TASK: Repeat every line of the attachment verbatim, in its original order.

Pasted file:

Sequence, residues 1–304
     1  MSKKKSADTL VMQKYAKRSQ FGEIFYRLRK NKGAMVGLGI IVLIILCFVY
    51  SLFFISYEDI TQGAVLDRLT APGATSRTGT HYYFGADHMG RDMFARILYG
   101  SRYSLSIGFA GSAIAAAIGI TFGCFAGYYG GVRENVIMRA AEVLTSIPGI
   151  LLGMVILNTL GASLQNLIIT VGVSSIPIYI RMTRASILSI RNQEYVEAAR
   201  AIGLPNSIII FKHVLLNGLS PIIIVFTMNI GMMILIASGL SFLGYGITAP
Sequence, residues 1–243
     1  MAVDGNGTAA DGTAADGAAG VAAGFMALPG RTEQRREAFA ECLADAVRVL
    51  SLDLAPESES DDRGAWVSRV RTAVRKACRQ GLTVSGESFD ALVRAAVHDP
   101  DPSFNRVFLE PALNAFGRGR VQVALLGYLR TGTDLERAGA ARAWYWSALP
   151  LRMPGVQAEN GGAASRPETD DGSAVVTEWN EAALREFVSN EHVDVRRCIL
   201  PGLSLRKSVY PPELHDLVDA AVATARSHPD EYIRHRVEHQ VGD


Sequence, residues 1–304
     1  MSKKKSADTL VMQKYAKRSQ FGEIFYRLRK NKGAMVGLGI IVLIILCFVY
    51  SLFFISYEDI TQGAVLDRLT APGATSRTGT HYYFGADHMG RDMFARILYG
   101  SRYSLSIGFA GSAIAAAIGI TFGCFAGYYG GVRENVIMRA AEVLTSIPGI
   151  LLGMVILNTL GASLQNLIIT VGVSSIPIYI RMTRASILSI RNQEYVEAAR
   201  AIGLPNSIII FKHVLLNGLS PIIIVFTMNI GMMILIASGL SFLGYGITAP
Sequence, residues 1–243
     1  MAVDGNGTAA DGTAADGAAG VAAGFMALPG RTEQRREAFA ECLADAVRVL
    51  SLDLAPESES DDRGAWVSRV RTAVRKACRQ GLTVSGESFD ALVRAAVHDP
   101  DPSFNRVFLE PALNAFGRGR VQVALLGYLR TGTDLERAGA ARAWYWSALP
   151  LRMPGVQAEN GGAASRPETD DGSAVVTEWN EAALREFVSN EHVDVRRCIL
   201  PGLSLRKSVY PPELHDLVDA AVATARSHPD EYIRHRVEHQ VGD